SIPTU to recommend new public service pay deal, ASTI and TUI opposed

Thursday 23 May 2013 23.54
The new public service deal is known as the Haddington Road Agreement
The new public service deal is known as the Haddington Road Agreement

The country's largest union, SIPTU, has decided to recommend acceptance of the new public service pay and reform agreement to its members, but the ASTI and the TUI have reaffirmed their rejection of the proposals.

The Government has published the legislation to cut the pay and pensions of public servants.

The Financial Emergency Measures in the Public Interest Bill 2013 is required to reduce the pay of public servants earning over €65,000, in line with the new deal, the Haddington Road Agreement.

The Bill also enables further cuts to high level pensions for politicians, judges, hospital consultants and top civil servants.

The Association of Secondary Teachers Ireland and the Teachers' Union of Ireland said the new deal does not represent sufficient change from the original proposals.

The ASTI said it has decided not to re-ballot its members on the deal.

The standing committee of the union met and reaffirmed its rejection of the Croke Park II proposals.

It said the revised proposals did not represent a sufficient change from Croke Park II, which was emphatically rejected by all teacher unions.

A spokesperson said the union pointed to the two previous ballots, which represented a firm rejection of the proposals.

The TUI has also decided not to re-ballot members.

Between them, the ASTI and the TUI represent over 30,000 teachers.

A spokesperson for the Depeartment of Public Expenditure and Reform said Minister Brendan Howlin will stand back and let members consider the options open to them.

The INTO, which represents 32,000 primary school teachers, voted to recommend acceptance.

The executive of the Irish Federation of University Teachers has yet to decide its position.

It remains to be seen whether the Government will move to impose cuts in pay and conditions without consent.

The Government is planning to enact the FEMPI legislation as soon as possible.

It has consistently stated that unions which do not sign up to the deal will have the legislation applied in full, including a three-year across-the-board increment freeze.

The legislation also gives Government ministers the power to alter other terms and conditions, including extending working hours.

Bill makes provisions for pension cuts

The Bill enables cuts of up to 28% on the portion of high-level pensions that exceeds €100,000.

It allows ministers or other bodies to set terms and conditions of public servants to reduce remuneration, apart from core pay, or increase working time.

However, this will not apply to any group of public servants – such as judges - whose pay is set by primary legislation.

The power to reduce pay or adjust terms and conditions will apply notwithstanding any legislation, contract or other agreement to the contrary.

The legislation provides for pay cuts for the judiciary, who were deemed to be constitutionally exempt from such measures prior to the referendum on judges' pay.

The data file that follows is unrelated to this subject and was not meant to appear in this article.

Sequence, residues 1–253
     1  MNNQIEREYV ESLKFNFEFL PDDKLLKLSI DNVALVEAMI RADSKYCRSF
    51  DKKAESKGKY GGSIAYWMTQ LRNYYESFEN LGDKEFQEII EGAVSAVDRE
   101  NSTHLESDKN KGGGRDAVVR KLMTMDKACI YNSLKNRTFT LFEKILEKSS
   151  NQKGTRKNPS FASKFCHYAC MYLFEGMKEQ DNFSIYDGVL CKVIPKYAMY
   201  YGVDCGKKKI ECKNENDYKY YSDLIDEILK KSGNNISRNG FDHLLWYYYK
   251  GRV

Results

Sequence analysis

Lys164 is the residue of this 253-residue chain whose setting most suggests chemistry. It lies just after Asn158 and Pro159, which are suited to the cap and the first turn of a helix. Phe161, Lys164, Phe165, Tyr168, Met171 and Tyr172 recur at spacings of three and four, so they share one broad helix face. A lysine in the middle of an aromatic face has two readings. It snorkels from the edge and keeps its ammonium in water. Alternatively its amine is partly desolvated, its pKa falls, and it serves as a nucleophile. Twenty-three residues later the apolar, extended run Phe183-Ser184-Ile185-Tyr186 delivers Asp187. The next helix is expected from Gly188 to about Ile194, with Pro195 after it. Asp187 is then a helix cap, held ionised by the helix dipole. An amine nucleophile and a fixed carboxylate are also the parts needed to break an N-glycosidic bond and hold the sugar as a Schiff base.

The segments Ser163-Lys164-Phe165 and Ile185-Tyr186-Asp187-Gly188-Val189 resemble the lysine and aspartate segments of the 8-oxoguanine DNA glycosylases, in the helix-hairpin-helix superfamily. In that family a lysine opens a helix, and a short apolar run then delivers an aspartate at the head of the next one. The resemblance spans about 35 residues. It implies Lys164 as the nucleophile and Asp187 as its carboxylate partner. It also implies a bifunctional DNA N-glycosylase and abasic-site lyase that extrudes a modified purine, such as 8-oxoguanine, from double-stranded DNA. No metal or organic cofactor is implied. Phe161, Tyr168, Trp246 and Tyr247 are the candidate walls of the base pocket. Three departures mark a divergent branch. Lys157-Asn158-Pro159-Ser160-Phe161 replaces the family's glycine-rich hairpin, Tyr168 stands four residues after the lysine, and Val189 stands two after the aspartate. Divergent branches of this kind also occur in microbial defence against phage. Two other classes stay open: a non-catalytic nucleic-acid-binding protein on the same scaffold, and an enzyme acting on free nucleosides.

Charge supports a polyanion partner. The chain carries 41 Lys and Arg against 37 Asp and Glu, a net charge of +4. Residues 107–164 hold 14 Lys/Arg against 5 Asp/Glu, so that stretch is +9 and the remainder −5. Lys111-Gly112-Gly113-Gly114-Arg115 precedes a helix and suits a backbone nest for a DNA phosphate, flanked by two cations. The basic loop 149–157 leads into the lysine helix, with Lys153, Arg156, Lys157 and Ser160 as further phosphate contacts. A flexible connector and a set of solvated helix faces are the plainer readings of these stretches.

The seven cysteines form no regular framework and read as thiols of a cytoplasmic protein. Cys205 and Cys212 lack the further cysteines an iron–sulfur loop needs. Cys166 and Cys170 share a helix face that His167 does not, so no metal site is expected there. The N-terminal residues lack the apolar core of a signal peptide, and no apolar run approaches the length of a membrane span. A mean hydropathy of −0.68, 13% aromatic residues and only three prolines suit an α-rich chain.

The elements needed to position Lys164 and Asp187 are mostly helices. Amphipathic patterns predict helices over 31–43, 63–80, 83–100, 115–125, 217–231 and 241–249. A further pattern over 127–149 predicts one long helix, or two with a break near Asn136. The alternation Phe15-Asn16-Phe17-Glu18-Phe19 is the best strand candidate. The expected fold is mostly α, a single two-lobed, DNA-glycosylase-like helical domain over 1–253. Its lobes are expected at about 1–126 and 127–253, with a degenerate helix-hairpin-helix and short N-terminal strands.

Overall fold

It also covers Government ministers and Oireachtas members, employees of the National Treasury Management Agency and the Railway Procurement Agency.

Previously, the NTMA and the RPA had been exempt from the pay cuts imposed by the Government in January 2010.

The pay cuts for higher-paid public servants are: 5.5% for those earning between €65,000 and €80,000, 8% for those earning between €80,000 and €150,000, 9% for employees on €150,000 to €185,000, and 10% for anyone earning over €185,000.

However, no salary will be allowed to fall below €65,000 for employees hit by direct pay cuts.

Public service pensioners who retired before February 2012 - on pensions linked to their pre-pay cut salaries - and whose pensions exceed €32,500 a year will experience cuts as follows:

- The first €12,000 will be exempt.

- Amounts between €12,000 and €24,000 will be cut by 8%.

- Pension amounts between €24,000 and €60,000 will be reduced by 12%.

- Amounts between €60,000 and €100,000 will fall by 17%.

- Amounts over €100,000 will be cut by 28%.

This would affect pensioners including former taoisigh, and top civil servants.

For those who retired after February 2012, based on lower post-pay-cut salaries - will see reductions as follows:

- Amounts up to €12,000 are exempt.

- Amounts between €12,000 and €24,000 will be cut by 2%.

- Pension amounts between €24,000 and €60,000 will be reduced by 3%.

- Pension portions between €60,000 and €100,000 will fall by 5%.

- Pensions in excess of €100,000 will be cut by 8%.

However, no pension will be allowed to fall below €32,500 as a consequence of the cuts.

In addition, those retiring before 31 August 2014 will have their pensions calculated as if the pay cut and increment freeze had not been imposed.

The Bill also reduces the rate of pension levy for State employees by €125 a year.

The legislation is due to be debated in the Dáil and Seanad next week.